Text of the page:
Some of my friends tell me, ďHere you are in a trap, Israel. How can you accept the Biblical text ascribing the building of Samaria to the [ninth century] Omrides, yet reject the Biblical text ascribing the construction of Megiddo to Solomon?Ē This was the question of Hershel Shanks also.
Hereís the answer: Whoever asks a question like this does not understand the meaning of Biblical studies in the last two centuries. The study of Biblical history is all about sorting history from non-history; accepting one verse and rejecting another. As for Samaria and the Omrides, on the one hand, and Megiddo and King Solomon, on the other, there are several reasons for a difference. Thereís a big difference between the tenth century B.C. and the ninth century in our historical and archaeological knowledge. In the ninth century, we have evidence for the greatness and the strength and the prosperity of the Omride dynasty in the northern kingdom of Israel. We have the Assyrians referring to the Omride state as Beit Omri, the house or land [dynasty] of Omri, which means they knew there was a monarch named Omri who was the founder of the dynasty and the founder of the capital. So in my opinion there is ample evidence that comes from both extra-Biblical texts and archaeology for this understanding of the Biblical text.
So you depend on the Biblical text for dating the palace at Samaria?
Not necessarily, but why not? Iím not rejecting the entire Biblical text. Iím a Biblical archaeologist, Hershel. Well, I can see now that this will be the title of the interview. ďĎI am a Biblical archaeologist,í says Israel Finkelstein.Ē You see, I gave it to you.
But itís different with the stories of David and Solomon. With the Omrides, the text and the archaeology support one another, so why not use the text? Whoever tells me that I have either to accept all the Biblical material or reject it all is talking nonsense, in my opinion.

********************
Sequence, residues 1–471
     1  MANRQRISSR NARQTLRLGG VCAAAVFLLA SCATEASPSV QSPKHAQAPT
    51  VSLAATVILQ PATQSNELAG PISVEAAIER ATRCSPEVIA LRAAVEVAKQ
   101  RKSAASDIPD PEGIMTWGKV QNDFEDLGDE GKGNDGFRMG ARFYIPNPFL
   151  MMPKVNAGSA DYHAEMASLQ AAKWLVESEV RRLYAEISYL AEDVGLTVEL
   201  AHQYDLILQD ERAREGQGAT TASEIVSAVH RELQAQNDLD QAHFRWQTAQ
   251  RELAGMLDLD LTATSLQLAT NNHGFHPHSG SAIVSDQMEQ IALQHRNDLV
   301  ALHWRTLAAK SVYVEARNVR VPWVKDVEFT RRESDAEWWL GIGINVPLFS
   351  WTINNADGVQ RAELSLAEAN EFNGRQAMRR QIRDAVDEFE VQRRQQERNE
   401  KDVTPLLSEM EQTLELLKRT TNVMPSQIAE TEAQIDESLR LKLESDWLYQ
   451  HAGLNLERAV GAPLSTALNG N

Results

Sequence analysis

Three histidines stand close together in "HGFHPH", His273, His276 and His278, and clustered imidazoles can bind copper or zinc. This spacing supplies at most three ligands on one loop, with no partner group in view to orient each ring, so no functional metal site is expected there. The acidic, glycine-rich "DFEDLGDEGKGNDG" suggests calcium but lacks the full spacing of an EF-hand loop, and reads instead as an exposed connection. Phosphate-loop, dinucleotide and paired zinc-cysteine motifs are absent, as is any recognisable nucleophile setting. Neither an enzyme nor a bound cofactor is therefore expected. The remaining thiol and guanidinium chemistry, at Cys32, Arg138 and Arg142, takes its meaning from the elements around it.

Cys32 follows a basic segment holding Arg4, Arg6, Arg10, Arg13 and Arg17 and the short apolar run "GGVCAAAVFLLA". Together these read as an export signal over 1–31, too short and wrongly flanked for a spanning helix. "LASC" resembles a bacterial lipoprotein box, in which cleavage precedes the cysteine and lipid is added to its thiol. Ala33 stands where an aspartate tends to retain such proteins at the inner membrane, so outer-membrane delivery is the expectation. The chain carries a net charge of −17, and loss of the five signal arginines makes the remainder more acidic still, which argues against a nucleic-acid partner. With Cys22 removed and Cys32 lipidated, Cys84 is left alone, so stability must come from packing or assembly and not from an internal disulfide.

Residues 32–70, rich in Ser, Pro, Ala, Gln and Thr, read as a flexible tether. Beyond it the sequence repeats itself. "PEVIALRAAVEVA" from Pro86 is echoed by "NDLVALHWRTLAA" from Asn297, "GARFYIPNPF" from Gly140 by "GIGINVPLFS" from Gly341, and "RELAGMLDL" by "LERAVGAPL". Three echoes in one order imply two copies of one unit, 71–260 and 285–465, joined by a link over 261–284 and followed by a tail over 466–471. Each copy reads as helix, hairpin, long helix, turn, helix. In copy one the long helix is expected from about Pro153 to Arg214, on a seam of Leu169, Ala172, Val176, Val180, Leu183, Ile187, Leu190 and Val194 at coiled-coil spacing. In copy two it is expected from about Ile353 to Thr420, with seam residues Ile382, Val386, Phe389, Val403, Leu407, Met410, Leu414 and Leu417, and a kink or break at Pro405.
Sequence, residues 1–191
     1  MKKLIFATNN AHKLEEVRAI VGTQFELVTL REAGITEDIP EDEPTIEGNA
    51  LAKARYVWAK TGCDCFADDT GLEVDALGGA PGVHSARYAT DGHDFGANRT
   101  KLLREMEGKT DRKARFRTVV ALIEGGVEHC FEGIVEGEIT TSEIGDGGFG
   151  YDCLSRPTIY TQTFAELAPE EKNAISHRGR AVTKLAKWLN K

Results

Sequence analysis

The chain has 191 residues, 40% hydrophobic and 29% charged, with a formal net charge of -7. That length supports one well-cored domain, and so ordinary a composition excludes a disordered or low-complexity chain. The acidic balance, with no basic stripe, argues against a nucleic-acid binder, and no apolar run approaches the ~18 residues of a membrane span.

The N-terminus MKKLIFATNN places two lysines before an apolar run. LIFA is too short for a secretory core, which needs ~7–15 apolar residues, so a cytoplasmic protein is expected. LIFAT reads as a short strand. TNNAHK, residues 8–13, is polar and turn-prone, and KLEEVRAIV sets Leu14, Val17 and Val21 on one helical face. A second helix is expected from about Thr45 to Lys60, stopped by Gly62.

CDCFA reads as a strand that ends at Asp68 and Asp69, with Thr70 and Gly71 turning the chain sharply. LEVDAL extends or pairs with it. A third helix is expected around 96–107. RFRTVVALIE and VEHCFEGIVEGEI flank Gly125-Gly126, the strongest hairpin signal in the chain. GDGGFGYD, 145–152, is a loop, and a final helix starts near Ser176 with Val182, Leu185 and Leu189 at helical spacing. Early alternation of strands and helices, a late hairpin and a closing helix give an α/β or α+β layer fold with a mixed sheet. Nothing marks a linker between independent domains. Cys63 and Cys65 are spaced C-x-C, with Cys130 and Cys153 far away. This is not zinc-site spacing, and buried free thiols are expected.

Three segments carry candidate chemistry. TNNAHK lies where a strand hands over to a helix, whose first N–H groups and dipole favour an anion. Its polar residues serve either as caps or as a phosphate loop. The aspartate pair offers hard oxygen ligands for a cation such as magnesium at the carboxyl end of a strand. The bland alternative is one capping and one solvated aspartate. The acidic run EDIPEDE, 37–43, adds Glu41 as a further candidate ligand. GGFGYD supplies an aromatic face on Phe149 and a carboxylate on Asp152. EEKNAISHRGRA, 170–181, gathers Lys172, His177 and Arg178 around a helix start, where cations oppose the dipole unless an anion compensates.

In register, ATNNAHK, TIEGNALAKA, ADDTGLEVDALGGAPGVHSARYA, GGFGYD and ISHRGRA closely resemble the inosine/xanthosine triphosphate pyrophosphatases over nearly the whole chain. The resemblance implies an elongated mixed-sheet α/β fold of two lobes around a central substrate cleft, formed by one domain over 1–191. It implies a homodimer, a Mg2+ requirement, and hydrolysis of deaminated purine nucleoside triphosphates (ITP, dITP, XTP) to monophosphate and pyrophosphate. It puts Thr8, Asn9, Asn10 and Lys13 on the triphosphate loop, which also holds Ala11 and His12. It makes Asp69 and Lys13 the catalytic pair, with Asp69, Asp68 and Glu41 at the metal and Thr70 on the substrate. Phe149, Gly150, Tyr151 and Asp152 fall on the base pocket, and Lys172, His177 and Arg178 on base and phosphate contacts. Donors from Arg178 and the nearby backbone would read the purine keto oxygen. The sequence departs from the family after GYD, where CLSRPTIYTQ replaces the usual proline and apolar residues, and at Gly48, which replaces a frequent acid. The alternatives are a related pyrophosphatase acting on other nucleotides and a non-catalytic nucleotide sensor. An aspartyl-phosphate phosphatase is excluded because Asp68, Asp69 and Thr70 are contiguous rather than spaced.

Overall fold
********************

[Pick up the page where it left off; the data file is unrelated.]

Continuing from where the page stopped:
Then thereís the question of carbon 14, radiocarbon dates [of organic material found in excavations]. I think that at the end of the day, this will give us a verdict on the chronology, in maybe 20 years. Not now, because for the time being we donít have enough samples, and we are still far from agreement on the interpretation of the results.
When you say we may have a verdict in 20 years, does that reflect your own uncertainty or are you saying that you will be shown to be right?
No, what Iím saying is, that for the time being, the results from Tel Dor, even from Tel Rehov and from Megiddo, support the low chronology. Itís more probable, but itís not definite. Itís not the end of the story.
For you, is it an open question as to whether the low chronology is correct, or are you certain itís correct?
I am certain.
This is very technical material. I think what our readers would like to know is why so many senior ...
You are stepping into a trap. Iím warning you.
Many of your remarks seem to be addressed to the fact that I oppose your views. My purpose here is to allow you to expose your views to the readers of BAR. So okay, Iíll step into your trap. Why is it that so many leading scholars do not accept your low chronologyóEphraim Stern of Hebrew University, Amnon Ben-Tor, also of Hebrew University, Amihai Mazar, also of Hebrew University, Americans like Lawrence Stager of Harvard, Seymour Gitin of the Albright Institute in Jerusalem, Timothy Harrison of the University of Toronto. Even your close colleagues at Megiddo, David Ussishkin of Tel Aviv University and Baruch Halpern of Penn State University, have not come out in favor of it. They take a more stand-offish view. How do you account for this? Is it that they are obtuse, or have they some motive? What is the source of this intense disagreement?